In the first semester of 2022, the United States became the number-one worldwide exporter of LNG, mainly thanks to the increase in European demand. As such, at a time when the West is seeking alternatives to energy dependence on Russia, LNG exportation from the United States increased by 12%, according to the US Energy Information Administration (EIA).
Since the end of last year, EU countries and Great Britain increased LNG imports to offset the reduction in Russian imports and fill natural gas storage inventories, given the uncertainty of the energy situation for winter.
At this time, there is also a change in the energy model of many industries, which are switching coal and petroleum for natural gas with cleaner combustion. As a result, global imports of LNG to the EU and the United Kingdom increased by 63% during the first half of 2022, to an average of 14.8 Bcf/d.
As such, the United States provided 47% of Europe’s total LNG imports, which accounts for 71% of the the United States’ LNG exports, a total of 8.2 Bcf/d.
Currently, 14 countries in Europe have LNG import facilities and several countries, such as Germany, the Netherlands, Italy, Finland, and Estonia have announced the imminent expansion of their infrastructures and import capacities.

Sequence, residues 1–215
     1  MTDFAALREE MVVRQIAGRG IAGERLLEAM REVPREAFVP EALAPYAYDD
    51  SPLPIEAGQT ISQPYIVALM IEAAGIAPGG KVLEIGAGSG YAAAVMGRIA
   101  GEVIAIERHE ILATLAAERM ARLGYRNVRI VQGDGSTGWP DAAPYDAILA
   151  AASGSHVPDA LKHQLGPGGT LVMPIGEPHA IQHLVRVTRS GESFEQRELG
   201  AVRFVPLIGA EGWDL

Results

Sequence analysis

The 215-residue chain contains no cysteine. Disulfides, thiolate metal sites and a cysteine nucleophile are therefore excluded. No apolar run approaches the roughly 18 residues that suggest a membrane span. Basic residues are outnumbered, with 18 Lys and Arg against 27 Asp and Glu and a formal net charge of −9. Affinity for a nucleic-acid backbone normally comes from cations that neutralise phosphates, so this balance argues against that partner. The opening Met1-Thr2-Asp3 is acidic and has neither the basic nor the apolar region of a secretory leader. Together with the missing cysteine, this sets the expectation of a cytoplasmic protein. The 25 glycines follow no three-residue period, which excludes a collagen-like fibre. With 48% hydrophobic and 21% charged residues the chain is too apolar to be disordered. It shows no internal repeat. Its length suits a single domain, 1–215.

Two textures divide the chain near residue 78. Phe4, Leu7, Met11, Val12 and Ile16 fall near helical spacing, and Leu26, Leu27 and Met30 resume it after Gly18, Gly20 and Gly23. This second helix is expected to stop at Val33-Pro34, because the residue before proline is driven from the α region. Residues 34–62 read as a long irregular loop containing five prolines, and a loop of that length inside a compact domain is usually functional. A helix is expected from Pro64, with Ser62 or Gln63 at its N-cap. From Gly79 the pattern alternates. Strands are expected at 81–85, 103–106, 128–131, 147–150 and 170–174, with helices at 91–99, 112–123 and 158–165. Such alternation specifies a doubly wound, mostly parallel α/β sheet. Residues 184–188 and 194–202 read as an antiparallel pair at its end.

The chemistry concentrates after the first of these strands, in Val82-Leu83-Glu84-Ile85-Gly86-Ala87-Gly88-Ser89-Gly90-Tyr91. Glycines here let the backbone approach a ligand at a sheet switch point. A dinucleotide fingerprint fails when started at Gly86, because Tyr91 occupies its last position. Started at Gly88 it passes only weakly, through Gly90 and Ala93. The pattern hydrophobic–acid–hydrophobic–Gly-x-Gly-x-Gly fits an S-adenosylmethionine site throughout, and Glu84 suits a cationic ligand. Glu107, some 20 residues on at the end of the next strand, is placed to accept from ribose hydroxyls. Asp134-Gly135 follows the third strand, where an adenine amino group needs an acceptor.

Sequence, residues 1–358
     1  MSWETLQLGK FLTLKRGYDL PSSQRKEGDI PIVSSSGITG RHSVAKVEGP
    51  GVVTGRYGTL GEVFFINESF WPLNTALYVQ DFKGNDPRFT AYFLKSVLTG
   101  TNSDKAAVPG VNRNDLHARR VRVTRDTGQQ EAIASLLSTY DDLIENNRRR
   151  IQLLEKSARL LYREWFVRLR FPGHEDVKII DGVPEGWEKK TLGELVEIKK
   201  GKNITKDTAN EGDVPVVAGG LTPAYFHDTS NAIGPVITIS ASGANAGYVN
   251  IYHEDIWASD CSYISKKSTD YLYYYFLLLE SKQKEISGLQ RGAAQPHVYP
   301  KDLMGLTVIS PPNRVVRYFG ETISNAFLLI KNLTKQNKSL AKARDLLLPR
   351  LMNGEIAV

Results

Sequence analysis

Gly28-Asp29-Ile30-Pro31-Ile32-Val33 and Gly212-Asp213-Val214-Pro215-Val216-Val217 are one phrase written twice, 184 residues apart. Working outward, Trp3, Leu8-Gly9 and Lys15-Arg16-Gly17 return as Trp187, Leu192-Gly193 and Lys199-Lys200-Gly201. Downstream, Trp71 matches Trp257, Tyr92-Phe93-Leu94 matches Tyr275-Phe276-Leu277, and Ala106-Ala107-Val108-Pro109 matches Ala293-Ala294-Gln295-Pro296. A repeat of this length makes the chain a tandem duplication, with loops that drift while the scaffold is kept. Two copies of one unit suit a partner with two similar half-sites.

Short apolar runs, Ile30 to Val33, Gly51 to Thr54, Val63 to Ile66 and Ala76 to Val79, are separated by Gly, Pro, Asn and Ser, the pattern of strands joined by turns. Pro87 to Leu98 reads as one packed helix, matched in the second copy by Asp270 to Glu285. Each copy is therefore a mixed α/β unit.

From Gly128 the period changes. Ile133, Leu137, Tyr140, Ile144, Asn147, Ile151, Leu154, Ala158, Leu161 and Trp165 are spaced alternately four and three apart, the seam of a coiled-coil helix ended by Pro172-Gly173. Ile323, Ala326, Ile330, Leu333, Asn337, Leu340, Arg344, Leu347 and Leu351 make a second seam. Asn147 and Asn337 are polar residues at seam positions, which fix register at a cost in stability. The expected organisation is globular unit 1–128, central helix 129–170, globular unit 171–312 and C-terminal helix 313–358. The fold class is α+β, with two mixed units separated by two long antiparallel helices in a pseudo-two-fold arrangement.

In this regard, all actors in the LNG sector are looking toward the United States. This is the case of the maritime engineering company C-LNG Solutions, with headquarters in Singapore, which has associated with American Ship Repair (ASR), devoted to maritime transport, to work on LNG projects for ships in the United States.
C-LNG provides advanced solutions for fuel gas supply (FGSS), regasification, floating storage and regasification units (FSRU), and logistical LNG solutions.
LNG Hub in the Suez Canal
With the tense energy situation, there are movements to supply LNG all around the world. One of the most striking is the plan to establish a LNG bunkering hub in the Suez Canal in 2025. The Norwegian LNG transport ship builder, Kanfer Shipping, has joined forces with the Egyptian state energy company EGAS and Leth Suez Transit to this end.
The joint venture will charter one of Kanfer’s supply ships and manage operations from Egypt. The LNG will mainly come from EGAS, although it will also be purchased from other sources to sell it to ship operators and the maritime industry.
Over 20,000 ships travel through the Suez Canal every year and the ships must wait to go through it. The idea is to take advantage of this time to supply fuel, both at the Port of Said and the Port of Suez.
Egypt is considered a strategic location for international maritime transport, and it is expected to play an important role in LNG bunkering layovers between Europe and Asia thanks to its natural gas resources and its liquefaction facilities.